The Lost Art of Directory Submission

Maybe you don’t know what a directory is – which might mean you have no idea what directory submission might be.  And that’s fine, because I’m about to lay it right out, so that this art form doesn’t die out any time in the foreseeable future.

Directories are websites that catalogue and provide links to good (and sometimes truly great) web sites.  And of course, you might be wondering how these directories know that a web site is up to snuff.  The part that separates a directory from a search engine is that search engines populate their lists through software (often known as “spiders,” even though they aren’t really arachnids), while directories are produced, added to (and sometimes subtracted from), and just generally maintained by real, living people who actually look at the sites themselves.

A good directory features the very best, especially in regard to a specific niche of sites or subject matter.  And when you practice directory submission, you really do need to keep that in mind; after all, when someone searches for “poisonous snakes,” they most likely do NOT have any particular interest in seeing your awesome site full of Dodge Vipers.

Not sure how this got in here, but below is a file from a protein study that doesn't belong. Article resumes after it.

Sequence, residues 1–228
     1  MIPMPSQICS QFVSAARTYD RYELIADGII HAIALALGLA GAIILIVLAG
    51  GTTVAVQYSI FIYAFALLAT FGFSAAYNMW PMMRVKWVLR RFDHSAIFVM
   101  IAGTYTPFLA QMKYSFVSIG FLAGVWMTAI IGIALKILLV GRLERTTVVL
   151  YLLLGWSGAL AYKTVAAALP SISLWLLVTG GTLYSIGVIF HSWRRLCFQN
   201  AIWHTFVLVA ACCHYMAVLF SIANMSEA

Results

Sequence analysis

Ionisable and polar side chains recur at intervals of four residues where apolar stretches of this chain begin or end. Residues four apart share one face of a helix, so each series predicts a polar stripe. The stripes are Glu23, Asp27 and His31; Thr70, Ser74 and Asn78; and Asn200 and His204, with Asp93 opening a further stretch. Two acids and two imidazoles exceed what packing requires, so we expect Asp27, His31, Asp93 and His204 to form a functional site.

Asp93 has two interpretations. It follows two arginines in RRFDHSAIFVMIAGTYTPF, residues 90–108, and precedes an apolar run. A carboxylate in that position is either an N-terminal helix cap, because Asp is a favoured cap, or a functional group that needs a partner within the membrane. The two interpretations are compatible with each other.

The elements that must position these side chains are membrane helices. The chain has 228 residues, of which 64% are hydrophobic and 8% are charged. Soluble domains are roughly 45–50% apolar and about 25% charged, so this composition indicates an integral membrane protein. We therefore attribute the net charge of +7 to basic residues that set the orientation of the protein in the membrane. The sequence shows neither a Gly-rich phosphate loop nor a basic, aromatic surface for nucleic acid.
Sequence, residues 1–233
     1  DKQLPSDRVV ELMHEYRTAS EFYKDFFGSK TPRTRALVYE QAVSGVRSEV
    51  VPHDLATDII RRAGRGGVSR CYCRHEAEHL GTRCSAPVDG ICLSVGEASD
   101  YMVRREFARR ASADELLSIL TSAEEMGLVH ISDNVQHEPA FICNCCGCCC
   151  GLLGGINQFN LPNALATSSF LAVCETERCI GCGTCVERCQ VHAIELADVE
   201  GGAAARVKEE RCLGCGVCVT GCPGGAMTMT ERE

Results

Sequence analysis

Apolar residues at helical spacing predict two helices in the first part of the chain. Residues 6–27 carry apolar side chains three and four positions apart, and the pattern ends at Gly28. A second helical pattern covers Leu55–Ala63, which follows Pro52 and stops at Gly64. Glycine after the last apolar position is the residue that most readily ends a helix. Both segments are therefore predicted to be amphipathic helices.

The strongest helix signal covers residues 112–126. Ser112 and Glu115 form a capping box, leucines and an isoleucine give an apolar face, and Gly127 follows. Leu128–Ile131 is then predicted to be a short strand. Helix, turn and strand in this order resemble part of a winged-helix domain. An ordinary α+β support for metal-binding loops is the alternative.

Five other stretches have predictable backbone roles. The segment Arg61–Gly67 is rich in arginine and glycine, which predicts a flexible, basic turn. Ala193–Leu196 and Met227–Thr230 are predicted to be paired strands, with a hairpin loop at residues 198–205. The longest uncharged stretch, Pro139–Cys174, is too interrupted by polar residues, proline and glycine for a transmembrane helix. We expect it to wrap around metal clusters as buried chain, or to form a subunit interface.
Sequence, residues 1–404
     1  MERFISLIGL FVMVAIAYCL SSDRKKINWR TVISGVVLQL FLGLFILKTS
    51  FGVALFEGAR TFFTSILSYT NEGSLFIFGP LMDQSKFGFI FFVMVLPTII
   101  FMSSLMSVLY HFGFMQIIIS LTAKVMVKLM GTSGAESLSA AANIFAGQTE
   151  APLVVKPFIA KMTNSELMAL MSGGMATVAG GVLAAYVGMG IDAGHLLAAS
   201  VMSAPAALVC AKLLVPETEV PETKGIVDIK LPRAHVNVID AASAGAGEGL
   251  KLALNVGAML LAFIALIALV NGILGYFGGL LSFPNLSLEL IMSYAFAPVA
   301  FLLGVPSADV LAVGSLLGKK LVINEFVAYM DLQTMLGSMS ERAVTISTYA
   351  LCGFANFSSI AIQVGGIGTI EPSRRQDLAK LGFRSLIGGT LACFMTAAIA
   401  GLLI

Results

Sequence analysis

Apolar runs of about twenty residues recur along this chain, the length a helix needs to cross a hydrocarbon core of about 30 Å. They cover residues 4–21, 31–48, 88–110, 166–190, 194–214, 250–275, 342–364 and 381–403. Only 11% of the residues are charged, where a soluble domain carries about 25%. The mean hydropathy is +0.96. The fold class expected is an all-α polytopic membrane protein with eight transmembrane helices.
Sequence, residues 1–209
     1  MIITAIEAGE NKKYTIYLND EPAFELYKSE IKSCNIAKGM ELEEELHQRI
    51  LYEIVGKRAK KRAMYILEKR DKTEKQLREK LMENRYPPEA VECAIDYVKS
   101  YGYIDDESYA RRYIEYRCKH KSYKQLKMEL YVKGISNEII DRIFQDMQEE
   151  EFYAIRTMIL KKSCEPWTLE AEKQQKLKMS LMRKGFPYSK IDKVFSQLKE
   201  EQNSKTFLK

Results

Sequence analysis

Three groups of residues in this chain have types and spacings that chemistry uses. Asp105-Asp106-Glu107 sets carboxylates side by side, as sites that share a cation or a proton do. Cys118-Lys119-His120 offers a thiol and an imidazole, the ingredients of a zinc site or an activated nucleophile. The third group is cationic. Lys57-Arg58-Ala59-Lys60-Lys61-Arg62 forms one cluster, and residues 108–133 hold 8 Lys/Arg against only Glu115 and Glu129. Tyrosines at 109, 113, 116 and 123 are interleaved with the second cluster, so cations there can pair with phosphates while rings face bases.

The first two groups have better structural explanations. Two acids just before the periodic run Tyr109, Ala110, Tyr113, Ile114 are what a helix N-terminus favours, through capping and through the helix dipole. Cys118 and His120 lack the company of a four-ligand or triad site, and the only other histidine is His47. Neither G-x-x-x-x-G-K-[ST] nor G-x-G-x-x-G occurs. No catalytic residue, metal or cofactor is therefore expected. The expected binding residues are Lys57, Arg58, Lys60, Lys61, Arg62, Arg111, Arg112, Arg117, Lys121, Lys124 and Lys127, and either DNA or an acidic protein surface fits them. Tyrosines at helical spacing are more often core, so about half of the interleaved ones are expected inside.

This brings me to a very important point, both about directories themselves and about directory submission.  In most directories, there are tons and tons of sites that might be better at being general than yours is.  And for this reason, directory submission to these “general” sites is just plain ridiculous.  You have GOT to niche it down, if you want to be positively noticed in a directory setting.

So you have to decide on what you really intend to say with your content, and figure out who your target readers might be – keep in mind that “might be” makes the concept malleable; you’ll never know who your most loyal and (hopefully) profitable readers are going to be until you’ve rigorously tested your theories.  Here’s an example:

Say you write a blog about the finer points of Ford Mustangs from the 1960s.  If you submitted your site to a directory, you’d be lost in a massive shuffle if you tried to get a good position in a directory about “cars.”  But you might experience more success if you submitted to a directory about “1960s muscle cars.”  And you’d most likely be a shoo in for “1960s Ford Mustangs.”  And which directory would you guess is most likely to be perused by your target readers?  If you can’t figure out that one, I’m not going to help you.  The companies like Elite SEO marketing might have a better way to explain it to you.

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